Presenting Physics Content and Fostering Creativity in Physics among Less-Academically Inclined Students through a Simple Design-Based Toy Project

Presenting Physics Content and Fostering Creativity in Physics among Less-Academically Inclined Students through a Simple Design-Based Toy Project

Nazir Amir (Greenview Secondary School, Singapore) and R. Subramaniam (Nanyang Technological University, Singapore)
Copyright: © 2015 |Pages: 40
DOI: 10.4018/978-1-4666-6375-6.ch007

Abstract

One of the emphases of 21st century science education is in producing students who are creative and who can contribute to the economy. Physics affords immense scope in this regard. This study illustrates an instructional teaching approach to present the physics concepts of density and forces in liquids to kinesthetic students and, at the same time, offers an avenue to foster creativity among them through the fabrication of variants of a popular physics toy: the Cartesian diver. It was conducted during curriculum time in a physics laboratory. Results showed that the students were able to showcase their creative abilities through knowledge from physics in this design-based toy project. Students found the pedagogical approach suitable for learning physics content and also a fun way to showcase their creative abilities through knowledge from physics. They also developed positive attitudes towards studying physics after going through this project.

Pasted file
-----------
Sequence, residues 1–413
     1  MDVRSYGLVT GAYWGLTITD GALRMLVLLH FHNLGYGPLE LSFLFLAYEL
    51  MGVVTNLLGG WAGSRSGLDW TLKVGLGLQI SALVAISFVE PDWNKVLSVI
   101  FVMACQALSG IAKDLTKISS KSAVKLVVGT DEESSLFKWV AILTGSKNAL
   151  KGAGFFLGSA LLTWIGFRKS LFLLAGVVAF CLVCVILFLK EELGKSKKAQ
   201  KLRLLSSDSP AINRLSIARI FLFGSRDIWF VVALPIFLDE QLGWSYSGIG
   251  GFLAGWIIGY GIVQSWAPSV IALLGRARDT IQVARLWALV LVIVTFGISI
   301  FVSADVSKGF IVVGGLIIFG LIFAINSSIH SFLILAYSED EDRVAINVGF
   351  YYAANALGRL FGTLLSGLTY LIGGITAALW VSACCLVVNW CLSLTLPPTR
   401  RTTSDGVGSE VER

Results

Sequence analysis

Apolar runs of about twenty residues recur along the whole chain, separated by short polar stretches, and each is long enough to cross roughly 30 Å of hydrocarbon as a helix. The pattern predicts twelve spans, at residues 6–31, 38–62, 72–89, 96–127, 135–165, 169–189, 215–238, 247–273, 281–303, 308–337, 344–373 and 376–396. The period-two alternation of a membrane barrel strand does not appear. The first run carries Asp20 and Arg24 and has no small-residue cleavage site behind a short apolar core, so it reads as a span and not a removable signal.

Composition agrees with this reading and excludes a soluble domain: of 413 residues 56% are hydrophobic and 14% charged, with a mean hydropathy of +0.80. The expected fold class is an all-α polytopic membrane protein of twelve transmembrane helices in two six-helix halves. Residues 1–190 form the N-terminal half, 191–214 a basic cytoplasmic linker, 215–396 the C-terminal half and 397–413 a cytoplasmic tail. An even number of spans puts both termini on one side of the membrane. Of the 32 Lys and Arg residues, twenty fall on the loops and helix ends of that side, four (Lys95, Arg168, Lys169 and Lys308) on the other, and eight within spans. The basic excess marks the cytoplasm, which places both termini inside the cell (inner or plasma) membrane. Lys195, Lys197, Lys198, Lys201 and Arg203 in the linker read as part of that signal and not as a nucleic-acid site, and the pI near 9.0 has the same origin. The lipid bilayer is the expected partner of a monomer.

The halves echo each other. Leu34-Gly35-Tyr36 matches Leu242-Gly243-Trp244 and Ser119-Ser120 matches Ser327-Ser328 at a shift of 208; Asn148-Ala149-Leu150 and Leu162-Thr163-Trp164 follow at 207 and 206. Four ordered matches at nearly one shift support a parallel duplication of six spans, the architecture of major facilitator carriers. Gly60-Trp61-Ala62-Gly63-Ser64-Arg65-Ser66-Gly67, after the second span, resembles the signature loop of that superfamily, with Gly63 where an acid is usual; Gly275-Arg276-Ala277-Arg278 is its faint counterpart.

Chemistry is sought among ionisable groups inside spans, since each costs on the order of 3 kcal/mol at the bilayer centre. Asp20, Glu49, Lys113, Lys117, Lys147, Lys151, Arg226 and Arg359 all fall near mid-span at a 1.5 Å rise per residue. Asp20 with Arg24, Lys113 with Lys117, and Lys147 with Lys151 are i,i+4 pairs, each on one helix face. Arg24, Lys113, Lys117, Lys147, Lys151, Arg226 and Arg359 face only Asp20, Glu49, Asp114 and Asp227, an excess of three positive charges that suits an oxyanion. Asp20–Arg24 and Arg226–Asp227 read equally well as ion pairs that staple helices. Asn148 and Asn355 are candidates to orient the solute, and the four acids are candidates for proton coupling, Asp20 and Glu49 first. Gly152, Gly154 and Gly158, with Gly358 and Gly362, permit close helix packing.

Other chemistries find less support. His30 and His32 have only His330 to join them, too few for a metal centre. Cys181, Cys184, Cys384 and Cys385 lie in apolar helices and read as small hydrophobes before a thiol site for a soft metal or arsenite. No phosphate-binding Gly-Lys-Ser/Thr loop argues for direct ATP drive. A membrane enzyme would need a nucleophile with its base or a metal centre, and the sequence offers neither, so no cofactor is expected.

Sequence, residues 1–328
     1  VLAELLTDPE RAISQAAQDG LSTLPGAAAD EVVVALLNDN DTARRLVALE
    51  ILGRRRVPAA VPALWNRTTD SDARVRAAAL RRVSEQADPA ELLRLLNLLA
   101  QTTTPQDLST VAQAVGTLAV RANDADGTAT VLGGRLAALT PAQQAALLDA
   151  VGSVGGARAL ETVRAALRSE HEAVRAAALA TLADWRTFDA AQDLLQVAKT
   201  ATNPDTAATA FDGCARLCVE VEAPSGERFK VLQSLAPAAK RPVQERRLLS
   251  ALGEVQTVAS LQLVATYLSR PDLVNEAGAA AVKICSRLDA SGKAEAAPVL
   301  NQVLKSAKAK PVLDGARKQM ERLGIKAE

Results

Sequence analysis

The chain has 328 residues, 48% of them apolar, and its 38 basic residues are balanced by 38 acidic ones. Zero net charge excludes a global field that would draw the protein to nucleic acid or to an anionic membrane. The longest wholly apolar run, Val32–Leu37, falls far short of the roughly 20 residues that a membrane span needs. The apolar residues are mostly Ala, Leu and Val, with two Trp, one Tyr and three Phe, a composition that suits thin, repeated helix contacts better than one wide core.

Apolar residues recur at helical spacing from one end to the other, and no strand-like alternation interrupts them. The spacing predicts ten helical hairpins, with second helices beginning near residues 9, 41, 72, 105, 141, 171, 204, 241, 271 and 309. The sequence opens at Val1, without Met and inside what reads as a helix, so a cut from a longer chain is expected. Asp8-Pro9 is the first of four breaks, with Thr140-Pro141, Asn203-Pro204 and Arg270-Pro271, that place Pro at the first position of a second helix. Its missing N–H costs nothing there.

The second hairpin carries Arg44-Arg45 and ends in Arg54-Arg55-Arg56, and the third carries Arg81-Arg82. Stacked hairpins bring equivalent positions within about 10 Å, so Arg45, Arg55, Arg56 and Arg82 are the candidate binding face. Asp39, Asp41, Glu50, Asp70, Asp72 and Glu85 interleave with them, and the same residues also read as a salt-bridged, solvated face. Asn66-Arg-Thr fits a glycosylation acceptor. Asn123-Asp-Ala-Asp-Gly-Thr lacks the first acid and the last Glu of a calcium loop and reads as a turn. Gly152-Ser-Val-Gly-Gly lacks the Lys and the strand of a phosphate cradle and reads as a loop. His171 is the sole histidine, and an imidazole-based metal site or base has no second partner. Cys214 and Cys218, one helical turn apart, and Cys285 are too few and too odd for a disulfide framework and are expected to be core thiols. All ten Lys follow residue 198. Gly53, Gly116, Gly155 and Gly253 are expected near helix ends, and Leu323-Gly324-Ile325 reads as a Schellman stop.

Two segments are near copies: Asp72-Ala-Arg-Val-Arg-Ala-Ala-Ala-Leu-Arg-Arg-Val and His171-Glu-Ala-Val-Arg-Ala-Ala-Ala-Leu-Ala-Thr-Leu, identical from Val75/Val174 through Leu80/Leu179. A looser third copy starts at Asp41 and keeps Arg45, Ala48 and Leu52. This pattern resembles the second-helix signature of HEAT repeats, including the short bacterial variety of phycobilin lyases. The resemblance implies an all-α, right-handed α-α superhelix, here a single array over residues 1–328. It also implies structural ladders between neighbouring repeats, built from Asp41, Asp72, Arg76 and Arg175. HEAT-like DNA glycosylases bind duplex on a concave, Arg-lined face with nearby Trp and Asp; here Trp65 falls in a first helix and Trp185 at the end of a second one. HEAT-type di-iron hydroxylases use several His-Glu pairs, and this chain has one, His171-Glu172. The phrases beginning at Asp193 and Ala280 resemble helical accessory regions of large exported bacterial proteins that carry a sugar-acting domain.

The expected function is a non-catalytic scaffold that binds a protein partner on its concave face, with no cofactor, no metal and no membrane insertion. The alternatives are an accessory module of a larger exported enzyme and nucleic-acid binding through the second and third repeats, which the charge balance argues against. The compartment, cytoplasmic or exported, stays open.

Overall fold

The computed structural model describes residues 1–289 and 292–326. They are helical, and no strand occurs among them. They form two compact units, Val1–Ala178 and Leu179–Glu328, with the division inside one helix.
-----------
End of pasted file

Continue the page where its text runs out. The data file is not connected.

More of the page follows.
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1. Introduction

In Sir Ken Robinson’s lecture on the need to nurture creativity among students in order to meet the demands of the 21st century economy, he reminded educators that approaches to foster creativity among students is as equally necessary as teaching the subject content to them.

My contention is that creativity now is as important in education as literacy and we should treat it with the same status. Robinson (2006)

Examining the definitions of creativity in the works of Barlex (2007), Christensen, (1988), Guilford (1959), Robinson (2006), Spendlove (2005) and Torrance (1966; 1974), it is clear that it has to do with coming up with something original or novel and of value. The studies of Amabile (1982; 1988; 1996), Besemer (2010), Craft (2001), Cropley & Cropley (2010), Cziksentmihalyi (1998), Dacey & Lennon (2000), Feldman, Cziksentmihalyi & Gardner (1994), Rhyammer & Brolin (1999), and Vernon (1989) suggest that a way for physics teachers to promote creativity in the classroom is by guiding pupils through problem-solving contexts that are embedded in everyday life and which leverage on subject knowledge. The process of fostering creativity in physics amongst students can sharpen their skills in problem-solving, get them to be more inquisitive about how physics can be used to improve daily activities, and build up their confidence into thinking about how its use may value-add to the economy (Fisher, 2004, and Raviv, 2003). It could also instill the spirit of innovation among students and pave a path for them to be young inventors of our future.

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